More than half of the human body is made up of water. We lose water when we breathe, sweat, and digest food, and water is essential for virtually everything the body does, including getting rid of waste and maintaining the health of our organs and cells.
Water is obviously essential. How much should you drink?
Divide your weight in half, and that’s how many ounces of water you should consume each day. So a person who weighs 150 pounds would consume about 75 ounces per day. Depending on age, activity level (so as CrossFitters you should drink even more), the water content in food, and the weather it could be more or less. Hydrate when thirsty.
What about sports drinks during exercise? If you exercise an hour or less you don’t usually need to replace lost electrolytes. Plain old water should do in most cases. For longer, more intense bouts of exercise, or exercise in extreme heat, replacing sodium and potassium you’ve lost through sweating is important. Coconut water, and Kill Cliff Endure make excellent “sports drinks.”
Drink from glass or steel containers when possible to avoid chemicals leaching into your water from plastic. If plain water seems boring, dress it up with a couple of slices of lemon or lime or a handful of fresh mint. You can even infuse your water with fresh fruit for a refreshing drink.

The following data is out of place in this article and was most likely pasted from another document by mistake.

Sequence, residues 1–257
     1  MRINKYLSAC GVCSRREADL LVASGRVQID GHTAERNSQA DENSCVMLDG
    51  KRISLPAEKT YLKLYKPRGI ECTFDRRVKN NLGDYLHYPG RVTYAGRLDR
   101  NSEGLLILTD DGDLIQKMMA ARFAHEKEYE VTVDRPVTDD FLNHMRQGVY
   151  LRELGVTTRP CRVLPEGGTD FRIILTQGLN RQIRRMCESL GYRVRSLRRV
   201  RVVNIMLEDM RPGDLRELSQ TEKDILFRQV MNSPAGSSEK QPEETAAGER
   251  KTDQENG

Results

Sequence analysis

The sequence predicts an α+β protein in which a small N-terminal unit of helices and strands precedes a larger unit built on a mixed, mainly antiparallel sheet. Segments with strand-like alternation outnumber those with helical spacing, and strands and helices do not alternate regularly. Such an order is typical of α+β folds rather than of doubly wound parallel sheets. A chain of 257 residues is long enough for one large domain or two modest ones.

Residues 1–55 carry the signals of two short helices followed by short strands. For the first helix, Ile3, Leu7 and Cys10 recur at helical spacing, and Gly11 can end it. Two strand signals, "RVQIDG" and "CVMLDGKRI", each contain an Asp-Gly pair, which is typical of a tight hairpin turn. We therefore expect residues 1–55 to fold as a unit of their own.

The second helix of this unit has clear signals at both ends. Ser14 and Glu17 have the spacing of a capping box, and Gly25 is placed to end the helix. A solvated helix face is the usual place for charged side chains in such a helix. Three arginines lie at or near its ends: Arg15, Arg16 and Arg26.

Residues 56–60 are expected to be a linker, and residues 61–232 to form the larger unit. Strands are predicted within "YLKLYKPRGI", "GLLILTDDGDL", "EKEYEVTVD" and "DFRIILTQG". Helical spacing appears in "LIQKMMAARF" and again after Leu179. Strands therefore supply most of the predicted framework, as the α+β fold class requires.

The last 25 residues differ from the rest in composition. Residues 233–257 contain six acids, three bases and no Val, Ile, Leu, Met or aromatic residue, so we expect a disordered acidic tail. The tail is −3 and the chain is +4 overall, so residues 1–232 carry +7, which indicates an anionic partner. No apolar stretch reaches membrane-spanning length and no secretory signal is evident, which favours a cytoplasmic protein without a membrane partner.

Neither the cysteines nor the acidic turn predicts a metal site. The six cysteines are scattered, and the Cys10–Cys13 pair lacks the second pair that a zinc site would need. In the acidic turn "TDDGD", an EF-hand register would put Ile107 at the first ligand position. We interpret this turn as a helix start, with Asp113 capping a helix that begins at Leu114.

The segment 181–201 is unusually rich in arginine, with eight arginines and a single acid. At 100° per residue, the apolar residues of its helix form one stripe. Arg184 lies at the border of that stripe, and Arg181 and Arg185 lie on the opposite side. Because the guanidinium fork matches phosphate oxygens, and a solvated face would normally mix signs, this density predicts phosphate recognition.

Making Great Food
Big Batch Meals
Big batch recipes give you the biggest bang for your buck, timewise. You can eat now and then use what you’ve prepped to make something different later without having to go through all the motions again! Big batch cooking lends itself well to cooking on your day off. A one to two hour commitment making a couple of trays of roasted vegetables, chicken, pork shoulder, meatballs, beans, lentils, or quinoa can give you a huge leg up to eating well all week.
Recipes here for beans and lentils are for cooking from dried. Please read all the way through and allow time for soaking. Lessen prep time by shopping on a different day and washing all produce as you put it away.
Now, what’s the best way to use all this food without eating the same thing for five days straight?